Mad dogs, Englishmen and Expats

Carpe Diem! Notice the low angle of the sun and the glistening faces.

Top of the hill. The hikers refreshing at the Australian war memorial and coffee shop.

None of the above have the sense to get out of the noon-day sun. On Saturday I completed my third “Dili walk” with a group of hearty, slightly insane, and interesting foreigners, mostly from downunder, who think that fun is walking for 3-4 hours on a Saturday morning, first straight uphill, along a ridge, enjoying lovely ocean views and then back down to Dili. The catch is the incredible heat that starts at about 8 am.  We began Saturday’s adventure at 6:15 am to enjoy a few minutes of simply hot before the “oh-my-goodness” hot set in. If I was sensible, I would have done these walks in the cooler temperatures of 3 months ago, but that did not happen. And, as I decided that I must experience the best of what Dili has to offer, I said yes to every invitation of the last weeks.  All slightly tortuous, but still with a strange modicum of pleasure. 

A cashew. Question: where is the part that you eat? Now you see why they are soooo expensive.

 The greatest pleasures of Dili, without question, are the people here. The expats are ALL very interesting.  The common understanding is that the only people who come to Dili are “missionaries, mercenaries and misfits”.  I would concur with that sentiment after my time here. Regardless of their motivation, they are all interesting and many rise to the level of inspiring. I would not, however, include the UN workers in this category, who are overpaid, underworked and love to drive their muscular cars around town in a big hurry.  (My apologies to Caroline, who is a lovely Catholic woman working for the UN).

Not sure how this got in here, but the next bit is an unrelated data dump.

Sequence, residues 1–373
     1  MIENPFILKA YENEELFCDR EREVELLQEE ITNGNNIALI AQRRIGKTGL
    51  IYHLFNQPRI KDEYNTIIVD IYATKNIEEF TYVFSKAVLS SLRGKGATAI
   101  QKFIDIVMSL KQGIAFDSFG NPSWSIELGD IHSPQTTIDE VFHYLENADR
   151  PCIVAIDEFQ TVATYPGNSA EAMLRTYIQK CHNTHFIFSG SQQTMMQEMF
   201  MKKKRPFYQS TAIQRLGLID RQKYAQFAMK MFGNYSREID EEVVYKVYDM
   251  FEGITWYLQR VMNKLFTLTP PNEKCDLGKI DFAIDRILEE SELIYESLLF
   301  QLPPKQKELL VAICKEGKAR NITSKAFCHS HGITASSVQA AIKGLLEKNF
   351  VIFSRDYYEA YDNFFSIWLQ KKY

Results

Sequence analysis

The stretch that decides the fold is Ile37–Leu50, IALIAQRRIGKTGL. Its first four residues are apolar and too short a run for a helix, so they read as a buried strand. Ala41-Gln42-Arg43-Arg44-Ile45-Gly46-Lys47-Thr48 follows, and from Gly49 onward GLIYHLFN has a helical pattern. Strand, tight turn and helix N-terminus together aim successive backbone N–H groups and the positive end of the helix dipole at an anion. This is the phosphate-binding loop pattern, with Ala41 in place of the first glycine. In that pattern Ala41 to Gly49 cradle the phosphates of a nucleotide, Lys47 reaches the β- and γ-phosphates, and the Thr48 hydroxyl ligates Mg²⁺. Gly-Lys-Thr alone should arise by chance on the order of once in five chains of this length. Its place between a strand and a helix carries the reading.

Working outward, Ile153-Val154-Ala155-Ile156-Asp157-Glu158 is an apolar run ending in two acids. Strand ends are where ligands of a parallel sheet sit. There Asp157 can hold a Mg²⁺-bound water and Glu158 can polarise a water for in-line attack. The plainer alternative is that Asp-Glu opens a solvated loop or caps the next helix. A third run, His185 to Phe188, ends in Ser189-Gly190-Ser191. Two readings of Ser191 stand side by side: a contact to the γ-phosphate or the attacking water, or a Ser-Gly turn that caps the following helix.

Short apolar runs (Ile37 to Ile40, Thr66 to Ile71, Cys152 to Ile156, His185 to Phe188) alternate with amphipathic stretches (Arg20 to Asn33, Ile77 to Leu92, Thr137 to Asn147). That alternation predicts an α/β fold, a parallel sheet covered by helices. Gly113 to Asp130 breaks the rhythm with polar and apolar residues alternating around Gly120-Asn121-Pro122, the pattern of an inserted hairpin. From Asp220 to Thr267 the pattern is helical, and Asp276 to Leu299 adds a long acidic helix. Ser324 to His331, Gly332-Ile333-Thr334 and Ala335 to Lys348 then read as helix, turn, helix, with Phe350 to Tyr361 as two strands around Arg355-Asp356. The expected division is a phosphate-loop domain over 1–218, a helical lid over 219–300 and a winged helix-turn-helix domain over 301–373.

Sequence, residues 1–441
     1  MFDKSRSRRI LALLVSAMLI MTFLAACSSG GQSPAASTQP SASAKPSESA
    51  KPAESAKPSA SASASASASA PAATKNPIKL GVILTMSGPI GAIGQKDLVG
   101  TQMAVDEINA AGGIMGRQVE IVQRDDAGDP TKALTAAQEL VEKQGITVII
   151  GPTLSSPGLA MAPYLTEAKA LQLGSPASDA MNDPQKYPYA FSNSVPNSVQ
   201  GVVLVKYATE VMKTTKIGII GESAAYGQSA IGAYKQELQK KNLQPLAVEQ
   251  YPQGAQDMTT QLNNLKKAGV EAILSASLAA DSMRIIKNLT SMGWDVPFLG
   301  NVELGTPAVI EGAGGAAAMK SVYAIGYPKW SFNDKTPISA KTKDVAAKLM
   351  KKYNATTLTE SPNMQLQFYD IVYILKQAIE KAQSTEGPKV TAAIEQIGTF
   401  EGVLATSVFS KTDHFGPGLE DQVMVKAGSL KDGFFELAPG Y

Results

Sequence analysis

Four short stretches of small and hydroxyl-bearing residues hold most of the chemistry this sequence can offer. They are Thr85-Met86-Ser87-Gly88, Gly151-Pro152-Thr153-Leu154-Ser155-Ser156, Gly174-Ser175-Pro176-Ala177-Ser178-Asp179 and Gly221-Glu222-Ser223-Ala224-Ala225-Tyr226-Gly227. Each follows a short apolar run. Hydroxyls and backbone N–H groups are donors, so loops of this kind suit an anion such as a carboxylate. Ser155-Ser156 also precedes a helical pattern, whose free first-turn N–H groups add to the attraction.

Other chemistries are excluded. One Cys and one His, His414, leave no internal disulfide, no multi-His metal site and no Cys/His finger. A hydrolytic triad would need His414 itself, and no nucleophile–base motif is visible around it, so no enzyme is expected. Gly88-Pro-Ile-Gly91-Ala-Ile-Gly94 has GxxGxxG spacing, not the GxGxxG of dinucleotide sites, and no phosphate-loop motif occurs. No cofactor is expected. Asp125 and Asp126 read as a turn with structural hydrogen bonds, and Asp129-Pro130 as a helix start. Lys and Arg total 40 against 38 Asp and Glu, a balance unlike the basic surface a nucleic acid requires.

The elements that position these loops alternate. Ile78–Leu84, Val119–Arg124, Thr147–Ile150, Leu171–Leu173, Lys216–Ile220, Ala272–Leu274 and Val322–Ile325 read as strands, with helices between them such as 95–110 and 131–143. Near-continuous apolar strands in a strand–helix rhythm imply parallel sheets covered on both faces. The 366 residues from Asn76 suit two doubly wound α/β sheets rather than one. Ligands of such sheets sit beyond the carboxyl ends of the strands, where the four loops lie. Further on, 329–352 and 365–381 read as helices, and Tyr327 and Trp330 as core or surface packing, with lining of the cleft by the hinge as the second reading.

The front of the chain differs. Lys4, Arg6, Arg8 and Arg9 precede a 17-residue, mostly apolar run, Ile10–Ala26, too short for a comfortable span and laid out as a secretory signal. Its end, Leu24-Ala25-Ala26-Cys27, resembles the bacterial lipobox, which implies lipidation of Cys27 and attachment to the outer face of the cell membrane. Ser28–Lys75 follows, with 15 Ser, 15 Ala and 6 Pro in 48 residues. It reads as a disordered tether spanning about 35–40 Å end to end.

Our walks allow for different conversations depending on which group one happens to reside with for any stretch of the climb or descent (these walks are mostly uphill or downhill). Today I met Eddie and Andrew, both Aussies working with the Australian Police, Lisa, who provides teaching support for families of Missionary Aviation Fellowship, Bruce, setting up a curriculum for auto mechanics, Chris, supporting the hundreds of NGOs in Timor, and John and Jordan, a father and son with Missionary Aviation Fellowship. The group organizer, Natalie, works with a leprosy mission and the other American, Mistina, teaches at an international school. No shortage of conversational topics at any time.

Seemingly everyone loves having their picture taken.

I learned that one can walk up the hundreds of steps to Christo Rey three times a day and still be overweight, but very fit. I heard a man say that he only appreciated the meaning of children when he had his own and his regret that he had not had them sooner and more of them. I learned that Australia has a booming economy on the surface, but underneath are many hidden issues masked by government control.  I learned that over 10,000 houses have been bulldozed in Christchurch as the result of the earthquake and that employment there is a very dicey proposition (or should I say shakey?). I found that a level 10 homeschooler in Dili is happy to be here and wants to join a group of old people walking in the sun (what planet is this?).  And, most significantly, I have seen a few of the hundreds of Australian and Kiwi volunteers who have given up their cushy lives to serve the people of Timor-Leste with anything they have to offer. Truly a good day all around.   [posted by Rory]

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